United States District Court, D. New Hampshire
Sushi Avenue, Inc.
Philbrick's Fresh Market, LLC
REPORT AND RECOMMENDATION
K. Johnstone United States Magistrate Judge
plaintiff, Sushi Avenue, Inc. (“Sushi Avenue”),
brought suit against Philbrick's Fresh Market, LLC
(“Philbrick's”) alleging claims arising from
an unpaid debt. The debt relates to an agreement under which
Sushi Avenue operated a sushi kiosk in a Philbrick's
grocery store. On August 12, 2019, the Chief Deputy Clerk of
Court entered default against Philbrick's for failure to
retain new counsel within 21 days of its previous
counsel's withdrawal from the case. See doc. no. 12.
Before the court for Report and Recommendation is the
plaintiff's motion for default judgment (doc. no. 14).
See Fed.R.Civ.P. 55(b)(2). For the reasons that follow, the
court recommends that the plaintiff's motion be granted
in part and denied in part.
default is entered and when the amount at issue is not a sum
certain, “the party must apply to the court for a
default judgment.” Fed.R.Civ.P. 55(b)(2); see also
KPS & Assocs., Inc. v. Designs by FMC, Inc., 318
F.3d 1, 19 (1st Cir. 2003). Before entering a default
judgment, the court “may examine a plaintiff's
complaint, taking all well-pleaded factual allegations as
true, to determine whether it alleges a cause of
action.” Ramos-Falcón v. Autoridad de
Energía Electríca, 301 F.3d 1, 2 (1st Cir.
2002) (citing Quirindongo Pacheco v. Rolon Morales,
953 F.2d 15, 16 (1st Cir. 1992)). The defaulted party is
“taken to have conceded the truth of the factual
allegations in the complaint . . . .”
Ortiz-Gonzalez v. Fonovisa, 277 F.3d 59, 62-63 (1st
Cir. 2002) (quoting Franco v. Selective Ins. Co.,
184 F.3d 4, 9 n.3 (1st Cir. 1999)). The defaulted party does
not, however, “admit the legal sufficiency of those
claims.” 10 James Wm. Moore, Moore's Federal
Practice § 55.32[b] (3d ed. 2013). In short,
“before entering default judgment, the court must
determine whether the admitted facts state actionable
claims.” United States v. Sullender, No.
16-cv-523-LM, 2018 WL 1368040, at *1 (D.N.H. Mar. 16, 2018).
virtue of its default, Philbrick's concedes the following
facts alleged in the plaintiff's complaint. Sushi Avenue,
a Minnesota corporation with its principal place of business
in Minnesota, operates sushi kiosks out of grocery stores
across the United States. See doc. no. 1 ¶¶ 1, 6.
On or about August 2, 2017, Sushi Avenue entered into an
agreement (the “Agreement”) with Philbrick's
to operate a sushi kiosk in its Portsmouth, New Hampshire
retail store. See doc. no. 1 ¶ 7; doc. no. 1-1. Under
the Agreement, Sushi Avenue would provide sushi products and
related services at the kiosk and Philbrick's would pay
Sushi Avenue 75% of the actual retail sales of sushi products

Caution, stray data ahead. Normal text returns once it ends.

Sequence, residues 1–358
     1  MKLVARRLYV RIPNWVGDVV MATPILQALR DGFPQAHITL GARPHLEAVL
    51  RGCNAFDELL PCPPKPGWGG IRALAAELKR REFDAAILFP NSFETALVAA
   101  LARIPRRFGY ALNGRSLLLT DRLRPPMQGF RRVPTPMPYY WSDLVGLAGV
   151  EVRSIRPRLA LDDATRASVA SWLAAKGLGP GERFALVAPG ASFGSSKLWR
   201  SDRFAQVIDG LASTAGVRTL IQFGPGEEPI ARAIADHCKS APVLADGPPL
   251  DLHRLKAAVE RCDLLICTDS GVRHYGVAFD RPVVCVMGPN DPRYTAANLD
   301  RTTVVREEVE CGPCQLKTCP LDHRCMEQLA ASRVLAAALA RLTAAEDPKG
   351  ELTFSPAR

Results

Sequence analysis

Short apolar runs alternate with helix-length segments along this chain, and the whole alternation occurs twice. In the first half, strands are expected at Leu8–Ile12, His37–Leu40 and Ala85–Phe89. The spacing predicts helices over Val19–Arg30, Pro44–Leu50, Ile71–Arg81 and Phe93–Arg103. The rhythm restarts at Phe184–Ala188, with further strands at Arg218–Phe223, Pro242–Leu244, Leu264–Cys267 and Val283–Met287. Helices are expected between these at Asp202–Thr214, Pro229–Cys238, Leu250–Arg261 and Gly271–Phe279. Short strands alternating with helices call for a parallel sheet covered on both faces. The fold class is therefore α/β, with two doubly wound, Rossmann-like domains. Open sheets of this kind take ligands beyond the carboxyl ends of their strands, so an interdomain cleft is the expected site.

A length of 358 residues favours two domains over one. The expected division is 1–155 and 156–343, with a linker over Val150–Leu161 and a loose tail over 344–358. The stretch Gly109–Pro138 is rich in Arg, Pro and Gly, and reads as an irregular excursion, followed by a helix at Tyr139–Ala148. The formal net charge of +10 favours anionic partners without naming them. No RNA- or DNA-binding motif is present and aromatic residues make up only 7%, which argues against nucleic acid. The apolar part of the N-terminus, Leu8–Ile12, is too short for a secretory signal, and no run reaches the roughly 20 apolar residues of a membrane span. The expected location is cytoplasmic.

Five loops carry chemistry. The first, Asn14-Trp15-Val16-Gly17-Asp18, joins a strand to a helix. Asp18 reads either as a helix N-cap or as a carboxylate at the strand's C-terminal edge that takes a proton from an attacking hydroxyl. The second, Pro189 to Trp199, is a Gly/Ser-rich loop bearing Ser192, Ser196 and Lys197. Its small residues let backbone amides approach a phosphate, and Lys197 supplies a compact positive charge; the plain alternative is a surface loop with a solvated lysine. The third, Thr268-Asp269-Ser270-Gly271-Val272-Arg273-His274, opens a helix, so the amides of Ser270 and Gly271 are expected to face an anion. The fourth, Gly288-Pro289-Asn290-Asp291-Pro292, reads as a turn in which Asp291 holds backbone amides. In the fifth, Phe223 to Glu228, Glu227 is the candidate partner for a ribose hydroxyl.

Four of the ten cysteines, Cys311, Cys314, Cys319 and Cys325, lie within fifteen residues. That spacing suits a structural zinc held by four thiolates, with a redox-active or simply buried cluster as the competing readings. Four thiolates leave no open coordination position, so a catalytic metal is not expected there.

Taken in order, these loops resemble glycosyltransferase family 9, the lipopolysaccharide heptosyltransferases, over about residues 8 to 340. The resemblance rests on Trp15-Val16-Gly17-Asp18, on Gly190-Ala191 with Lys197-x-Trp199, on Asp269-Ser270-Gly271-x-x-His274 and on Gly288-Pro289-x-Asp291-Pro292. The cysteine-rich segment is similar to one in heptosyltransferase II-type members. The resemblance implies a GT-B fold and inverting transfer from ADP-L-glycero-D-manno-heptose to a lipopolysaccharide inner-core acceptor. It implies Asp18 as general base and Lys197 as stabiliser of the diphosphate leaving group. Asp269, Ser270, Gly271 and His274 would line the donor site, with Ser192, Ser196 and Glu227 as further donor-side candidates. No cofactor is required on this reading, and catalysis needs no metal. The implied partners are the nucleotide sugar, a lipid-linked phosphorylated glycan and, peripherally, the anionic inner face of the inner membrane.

sold. See doc. no. 1 ¶ 8; doc. no. 1-1. These payments
would be due on a weekly basis. See doc. no. 1-1. The
Agreement required Philbrick's to provide Sushi Avenue a
regular and accurate accounting of all sushi sales. See id.
January 1, 2018 and March 11, 2018,  Philbrick's made only
some of its required payments to Sushi Avenue. See doc. no. 1
¶ 9. Between March 11, 2018 and August 19, 2018,
Philbrick's failed to make any payments to Sushi Avenue,
while Sushi Avenue continued to provide products and services
to Philbrick's. See doc. no. 1 ¶¶ 9, 17. On
September 4, 2018, Sushi Avenue sent a letter to
Philbrick's demanding payment, pursuant to the Agreement,
by September 10, 2018. See doc. no. 1 ¶ 11. It is
undisputed that the outstanding balance was $80, 939.90. See
doc. no. 1 ¶ 22. On September 6, 2018, Philbrick's
sent a “good faith” payment of $5, 000 toward the
$80, 939.90 balance but stated it could not make further
payments. See doc. no. 1 ¶ 12. On September 13, 2018,
Sushi Avenue indicated that the $5, 000 payment was
insufficient and demanded payment in full or agreement to a
payment plan. See doc. no. 1 ¶ 13. Sushi Avenue has not
presented the “good faith” check for payment. See
Avenue brings three claims against Philbrick's: (1)
Breach of contract (Count I); (2) Account stated (Count II);
and (3) Unjust enrichment (Count III). Sushi Avenue seeks
$80, 939.90 in damages for the amount owed under the
Agreement, plus interest. Sushi Avenue also seeks
attorneys' fees and costs.
Breach of Contract (Count I)
New Hampshire law,  “a breach of contract occurs when
there is a failure without legal excuse to perform any
promise which forms the whole or part of a contract.”
BAE Sys. Info. & Elecs. Sys. Integration, Inc. v.
SpaceKey Components, Inc., 941 F.Supp.2d 197,
213 (D.N.H. 2013), aff'd, 752 F.3d 72 (1st Cir. 2014)
(quoting Axenics, Inc. v. Turner Constr.
Co., 164 N.H. 659, 668 (2013)) (brackets and internal
quotation marks omitted).
the Agreement, Philbrick's was required to pay Sushi
Avenue 75% of the actual retail sales for sushi products
sold. See doc. no. 1 ¶ 8. In its complaint, Sushi Avenue
alleges that Philbrick's breached the Agreement by making
sporadic payments between January 1, 2018 and March 11, 2018,
and no payments between March 11, 2018 and August 19, 2018,
while Sushi Avenue continued to perform its contractual
duties. See doc. no. 1 at ¶¶ 9, 16-17. Sushi
Avenue's complaint asserts that these missed payments